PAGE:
Tree Management at the ANBG

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Cover of the ANBG Tree Management Strategy 2016-2026
ANBG Tree Management Strategy 2016-2026


David Taylor, the Curator of Living Collections at the Gardens, has asked if the Friends can publicise the ANBG’s approach to tree management, being undertaken by the tree team, Dan, Anthony, Mark and Pete (returning soon) guided by Phil. As Dave notes, it can be difficult to see large trees go, but his hope is that knowing more about how the ANBG makes such decisions will allow better appreciation of the considered way this happens.

The message from David Taylor

As we embark on another series of tree surgery work, including some substantial removals, the question often arises about the nature and reasoning for tree work, particularly from many Friends, guides and regulars that visit, and/or are involved with the ANBG.

I know you may have heard me (and others) regularly talking about this at guides meetings and other forums, but ahead of some upcoming changes to the ‘tree landscape’, we thought it worth mentioning some of the key issues that underpin the decisions and actions we take on tree management.

They include:

  • Risk and safety assessment of trees across the ANBG site – this initiates much of the tree surgery work we do and reflects our priority to address the risks and safety of our site. This is done annually and is also ongoing. It is done by our trained tree team as well as external specialists where / when needed. (Please note: some trees appear to look fine from a casual observation but can have major defects and risks);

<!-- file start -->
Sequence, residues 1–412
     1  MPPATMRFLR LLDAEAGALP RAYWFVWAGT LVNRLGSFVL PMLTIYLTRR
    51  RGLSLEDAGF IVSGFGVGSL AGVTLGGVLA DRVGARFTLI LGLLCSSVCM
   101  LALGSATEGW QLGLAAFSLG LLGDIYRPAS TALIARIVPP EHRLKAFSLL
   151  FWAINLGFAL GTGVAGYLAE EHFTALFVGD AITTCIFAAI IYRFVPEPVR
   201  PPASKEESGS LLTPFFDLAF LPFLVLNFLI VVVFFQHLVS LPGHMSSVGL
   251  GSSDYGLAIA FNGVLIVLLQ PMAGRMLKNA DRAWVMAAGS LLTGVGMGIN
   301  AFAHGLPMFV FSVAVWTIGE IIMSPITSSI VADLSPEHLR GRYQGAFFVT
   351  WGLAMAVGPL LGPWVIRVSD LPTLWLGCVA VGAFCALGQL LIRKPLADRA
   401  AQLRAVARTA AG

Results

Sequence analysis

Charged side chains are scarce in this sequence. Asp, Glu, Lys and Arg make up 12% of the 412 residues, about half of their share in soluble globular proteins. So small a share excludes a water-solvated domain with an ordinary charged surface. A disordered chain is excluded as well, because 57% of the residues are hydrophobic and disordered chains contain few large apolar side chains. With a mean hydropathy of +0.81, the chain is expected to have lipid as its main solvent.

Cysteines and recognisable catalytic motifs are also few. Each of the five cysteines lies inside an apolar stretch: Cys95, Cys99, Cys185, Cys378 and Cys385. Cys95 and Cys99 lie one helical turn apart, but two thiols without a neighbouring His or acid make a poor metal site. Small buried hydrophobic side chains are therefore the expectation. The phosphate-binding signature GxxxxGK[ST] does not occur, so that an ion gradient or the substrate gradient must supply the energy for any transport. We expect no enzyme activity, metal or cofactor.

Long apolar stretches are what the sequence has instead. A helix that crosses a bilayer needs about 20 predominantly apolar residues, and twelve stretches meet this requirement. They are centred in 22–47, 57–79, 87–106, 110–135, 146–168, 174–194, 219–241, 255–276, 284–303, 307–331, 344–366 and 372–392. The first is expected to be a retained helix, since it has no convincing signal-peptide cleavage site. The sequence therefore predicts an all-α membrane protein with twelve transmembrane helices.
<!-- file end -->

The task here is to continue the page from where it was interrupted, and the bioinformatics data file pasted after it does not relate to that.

• Succession planning where trees are thinned and phased out as they age and senesce;
  • Succession for trees that are no longer performing a beneficial function, this covers context / thematic for the area, shading, views, impact on other collections, and aesthetics;
  • The value, rarity and significance of the trees (or stand of trees);
  • The map we have developed for the areas where we aim to retain naturally-occurring trees, linking the natural areas surrounding the ANBG site;
  • Retention where applicable of habitat trees;
  • The specialist tree training our team does and uses in assessments.

With so many trees on our site, you can appreciate that we need to tackle our tree management strategically and regularly; change to the tree scape is an ongoing process. The replacement, succession and renewal has parallels in nature and reflects the complexity and ever-changing nature of the collection and landscape we manage.

In addition we have recently completed a Tree Management strategy that underpins and guides much of the tree management we do and will continue with, and we constantly look for new and better ways to manage our treescape in partnership with other specialists regionally and nationally.

We are also looking to retain habitat trees in select areas and we want to do this using interpretive signs to explain the value and reasoning for keeping such trees. (This includes dead frames in areas where context and use of area is applicable).

Our key challenge is how we use limited resources wisely, and the tree management strategy and the ongoing prioritising of ANBG tree management aims to use these effectively and to address the priorities responsibly and practically.

David Taylor